Carey Ballard shared a public video on Facebook. He made strong points and called out interpreters for not stepping up to have this conversation, for not stepping up to hold each other accountable. Great work here. So proud of Carey.
From the comments, some interpreters are making this about them and derailing from the systemic issues that are the problem here. Here’s one from Nancy Kikendall that took the cake. Quoted below for the reader’s pleasure.
“And why is it that it’s “ALL” interpreters that need to be shaken? To “knock off the oppression”? We are here to assist in making sure your voice is heard. In all honesty… the mentality of “shake up the interpreters” is oppressive to us. I did not come into this field to be a “whipping girl” because you are angry and thus “all of us are bad.”
We are on the front line… fighting daily to make sure Deaf people have access. Advocacy! Access! A voice.”
Shame on you for attacking those who have done you NO harm. You have a beef with RID? Go after the board with your anger… don’t take it out the interpreters like myself, working 3 jobs to survive.”
Nancy. 1985 called. They want the helper model back.
You’re acting like a victim here. You’re acting like we owe you something. We don’t. We have fought for our own access. We advocate for ourselves. We have our own voice. We ask interpreters to ally-up, to be our accomplices, to work with us in making the world more accessible and more equitable. Not for us, but with us.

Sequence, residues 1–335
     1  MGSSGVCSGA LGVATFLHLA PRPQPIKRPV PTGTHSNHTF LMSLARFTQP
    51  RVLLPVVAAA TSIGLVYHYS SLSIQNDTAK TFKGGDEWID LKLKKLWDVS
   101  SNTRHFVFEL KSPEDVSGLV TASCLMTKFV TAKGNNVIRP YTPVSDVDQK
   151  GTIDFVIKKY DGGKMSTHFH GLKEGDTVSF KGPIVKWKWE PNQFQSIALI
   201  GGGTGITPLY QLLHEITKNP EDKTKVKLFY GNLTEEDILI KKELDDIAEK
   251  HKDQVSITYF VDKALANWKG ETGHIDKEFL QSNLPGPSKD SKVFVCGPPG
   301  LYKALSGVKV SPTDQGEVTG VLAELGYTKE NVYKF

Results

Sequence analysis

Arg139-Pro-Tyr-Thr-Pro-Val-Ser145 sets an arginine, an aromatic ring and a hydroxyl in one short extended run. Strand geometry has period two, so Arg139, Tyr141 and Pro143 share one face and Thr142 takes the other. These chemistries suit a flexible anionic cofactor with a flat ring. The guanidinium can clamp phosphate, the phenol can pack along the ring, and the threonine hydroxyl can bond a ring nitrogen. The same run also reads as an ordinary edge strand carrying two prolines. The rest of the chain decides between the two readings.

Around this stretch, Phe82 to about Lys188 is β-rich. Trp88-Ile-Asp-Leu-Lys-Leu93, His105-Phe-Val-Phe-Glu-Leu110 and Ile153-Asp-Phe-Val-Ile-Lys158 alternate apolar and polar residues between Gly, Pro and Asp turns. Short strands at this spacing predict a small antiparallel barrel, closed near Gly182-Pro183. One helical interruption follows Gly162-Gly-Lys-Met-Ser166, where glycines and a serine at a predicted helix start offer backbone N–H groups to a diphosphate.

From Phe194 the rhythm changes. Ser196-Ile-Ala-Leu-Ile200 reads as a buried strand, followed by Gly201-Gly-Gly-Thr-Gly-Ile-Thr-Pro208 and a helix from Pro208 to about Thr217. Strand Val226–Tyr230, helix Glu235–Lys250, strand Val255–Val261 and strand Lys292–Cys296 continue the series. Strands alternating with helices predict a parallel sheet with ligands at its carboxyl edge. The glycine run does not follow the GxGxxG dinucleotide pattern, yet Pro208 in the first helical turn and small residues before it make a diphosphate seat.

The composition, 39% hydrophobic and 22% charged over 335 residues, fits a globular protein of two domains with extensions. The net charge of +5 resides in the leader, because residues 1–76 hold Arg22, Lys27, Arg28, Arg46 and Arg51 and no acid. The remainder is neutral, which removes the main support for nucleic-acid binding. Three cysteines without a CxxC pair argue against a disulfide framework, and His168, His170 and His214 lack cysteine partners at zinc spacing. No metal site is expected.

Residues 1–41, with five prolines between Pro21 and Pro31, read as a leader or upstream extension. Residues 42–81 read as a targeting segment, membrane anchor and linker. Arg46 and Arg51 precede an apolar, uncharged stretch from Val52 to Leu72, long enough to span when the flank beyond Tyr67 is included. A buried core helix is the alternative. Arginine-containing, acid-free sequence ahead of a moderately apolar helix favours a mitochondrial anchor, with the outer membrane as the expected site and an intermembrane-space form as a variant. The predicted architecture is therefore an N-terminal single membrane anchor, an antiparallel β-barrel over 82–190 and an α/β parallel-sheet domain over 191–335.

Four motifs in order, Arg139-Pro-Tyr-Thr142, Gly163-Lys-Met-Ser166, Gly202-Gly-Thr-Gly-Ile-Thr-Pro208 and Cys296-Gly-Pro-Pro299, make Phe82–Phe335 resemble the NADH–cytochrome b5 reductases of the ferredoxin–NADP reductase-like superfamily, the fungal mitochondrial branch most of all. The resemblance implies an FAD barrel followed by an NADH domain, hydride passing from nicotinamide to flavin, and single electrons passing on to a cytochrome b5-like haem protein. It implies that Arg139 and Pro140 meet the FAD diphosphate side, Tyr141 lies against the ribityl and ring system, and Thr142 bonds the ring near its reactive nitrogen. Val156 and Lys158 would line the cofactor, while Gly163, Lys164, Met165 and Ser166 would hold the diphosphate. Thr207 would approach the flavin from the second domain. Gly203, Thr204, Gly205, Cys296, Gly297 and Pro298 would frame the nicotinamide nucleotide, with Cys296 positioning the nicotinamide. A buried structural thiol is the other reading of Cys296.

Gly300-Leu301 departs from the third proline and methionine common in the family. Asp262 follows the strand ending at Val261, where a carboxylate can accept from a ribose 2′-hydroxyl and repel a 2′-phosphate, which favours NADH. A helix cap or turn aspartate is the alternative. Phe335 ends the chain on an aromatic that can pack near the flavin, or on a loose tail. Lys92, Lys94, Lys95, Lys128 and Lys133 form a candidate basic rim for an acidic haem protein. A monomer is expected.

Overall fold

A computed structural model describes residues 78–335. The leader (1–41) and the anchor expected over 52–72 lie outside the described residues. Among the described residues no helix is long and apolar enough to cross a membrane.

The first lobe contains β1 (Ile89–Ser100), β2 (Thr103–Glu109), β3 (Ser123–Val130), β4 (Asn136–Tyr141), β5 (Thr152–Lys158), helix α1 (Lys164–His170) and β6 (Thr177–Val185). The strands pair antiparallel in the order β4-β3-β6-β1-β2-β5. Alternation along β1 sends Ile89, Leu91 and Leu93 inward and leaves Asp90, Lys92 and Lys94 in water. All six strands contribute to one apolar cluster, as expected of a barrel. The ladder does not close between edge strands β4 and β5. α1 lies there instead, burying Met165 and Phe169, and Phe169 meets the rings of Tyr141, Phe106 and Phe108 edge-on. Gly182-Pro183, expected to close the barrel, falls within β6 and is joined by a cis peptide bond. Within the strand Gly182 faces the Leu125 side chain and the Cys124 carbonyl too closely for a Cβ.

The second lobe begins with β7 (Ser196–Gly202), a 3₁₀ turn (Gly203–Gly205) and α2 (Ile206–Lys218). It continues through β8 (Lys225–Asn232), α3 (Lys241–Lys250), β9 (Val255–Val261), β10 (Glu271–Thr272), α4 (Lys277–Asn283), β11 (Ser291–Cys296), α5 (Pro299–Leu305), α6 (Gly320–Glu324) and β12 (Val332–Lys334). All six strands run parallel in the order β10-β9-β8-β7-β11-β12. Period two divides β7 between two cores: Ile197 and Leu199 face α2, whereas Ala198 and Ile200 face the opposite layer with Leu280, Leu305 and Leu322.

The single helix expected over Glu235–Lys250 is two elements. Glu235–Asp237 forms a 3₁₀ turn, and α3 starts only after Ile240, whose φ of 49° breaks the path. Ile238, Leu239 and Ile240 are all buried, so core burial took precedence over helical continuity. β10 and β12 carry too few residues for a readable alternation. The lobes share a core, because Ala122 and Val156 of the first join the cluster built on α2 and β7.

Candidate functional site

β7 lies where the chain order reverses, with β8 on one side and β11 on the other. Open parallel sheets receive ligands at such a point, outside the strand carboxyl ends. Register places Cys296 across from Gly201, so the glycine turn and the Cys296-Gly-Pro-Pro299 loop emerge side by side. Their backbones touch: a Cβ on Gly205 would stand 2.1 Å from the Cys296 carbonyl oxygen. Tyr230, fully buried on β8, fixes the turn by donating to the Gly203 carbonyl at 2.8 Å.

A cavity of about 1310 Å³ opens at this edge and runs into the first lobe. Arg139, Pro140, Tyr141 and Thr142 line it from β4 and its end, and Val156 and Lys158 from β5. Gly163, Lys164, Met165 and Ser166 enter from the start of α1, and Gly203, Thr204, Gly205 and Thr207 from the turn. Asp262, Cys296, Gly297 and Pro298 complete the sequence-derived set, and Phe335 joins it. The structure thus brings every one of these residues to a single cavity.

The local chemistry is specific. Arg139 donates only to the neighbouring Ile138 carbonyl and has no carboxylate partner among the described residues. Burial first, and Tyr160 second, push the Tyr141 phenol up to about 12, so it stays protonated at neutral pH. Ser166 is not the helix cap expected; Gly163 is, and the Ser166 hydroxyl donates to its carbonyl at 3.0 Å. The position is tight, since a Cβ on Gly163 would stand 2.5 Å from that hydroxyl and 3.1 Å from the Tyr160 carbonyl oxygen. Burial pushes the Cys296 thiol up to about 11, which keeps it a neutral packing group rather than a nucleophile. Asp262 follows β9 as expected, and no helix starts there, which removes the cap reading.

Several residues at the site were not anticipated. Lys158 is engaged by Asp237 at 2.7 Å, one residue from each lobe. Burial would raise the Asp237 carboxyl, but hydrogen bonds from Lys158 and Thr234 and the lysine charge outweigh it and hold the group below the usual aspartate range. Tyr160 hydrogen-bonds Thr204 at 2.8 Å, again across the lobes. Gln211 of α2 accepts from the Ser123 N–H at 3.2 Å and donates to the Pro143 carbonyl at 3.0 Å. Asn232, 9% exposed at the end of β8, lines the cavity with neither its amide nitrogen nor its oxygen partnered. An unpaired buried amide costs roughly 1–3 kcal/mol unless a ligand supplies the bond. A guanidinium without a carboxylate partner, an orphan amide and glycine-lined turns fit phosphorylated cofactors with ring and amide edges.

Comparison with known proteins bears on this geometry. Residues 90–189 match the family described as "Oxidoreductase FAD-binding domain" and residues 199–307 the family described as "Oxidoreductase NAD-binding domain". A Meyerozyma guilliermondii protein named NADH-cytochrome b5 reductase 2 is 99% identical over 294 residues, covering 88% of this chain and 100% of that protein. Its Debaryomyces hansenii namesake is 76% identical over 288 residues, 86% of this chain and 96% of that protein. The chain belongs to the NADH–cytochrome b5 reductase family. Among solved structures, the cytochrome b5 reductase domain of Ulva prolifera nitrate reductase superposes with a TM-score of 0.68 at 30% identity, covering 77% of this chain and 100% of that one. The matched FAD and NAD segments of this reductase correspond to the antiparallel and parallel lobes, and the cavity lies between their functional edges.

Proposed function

That’s the point. Which you completely missed. Why are you attacking Carey rather than mobilizing your fellow interpreters to hold the profession accountable? There are interpreters who abuse Deaf people, there are interpreters who actively impede our access, and what are you doing about that Nancy? Nothing. Someone at the NAD called this “hearing fragility.” Reminds me of Robin DiAngelo’s White Fragility. Worthwhile read. The link is included for your learning and reflection.
Text from image on the left: (text from the image on the right is included in the body of the blog post above).
Nancy Kikendall You are free to boycott interpreting services… many of us have other degrees and will go find other work… as we need to survive too. Many of us went into the field knowing that it is a SERVICE industry that means we won’t get rich… but we will be able to help others have a voice to sit at the table so that people would be included and not pushed aside.
Also, I’m sure many companies would be thrilled to have no interpreters… they keep more of their profit. Sounds like a slippery slope…
At the end of the day… the “partnership” mentality has become non-existent… when the response is “boycott” “deprive them of a living” etc.
So go ahead and do what you must… and I can guarantee… we will also do what we need to do to survive.
But don’t be surprised if interpreters start not being available when the call goes out for a “need.”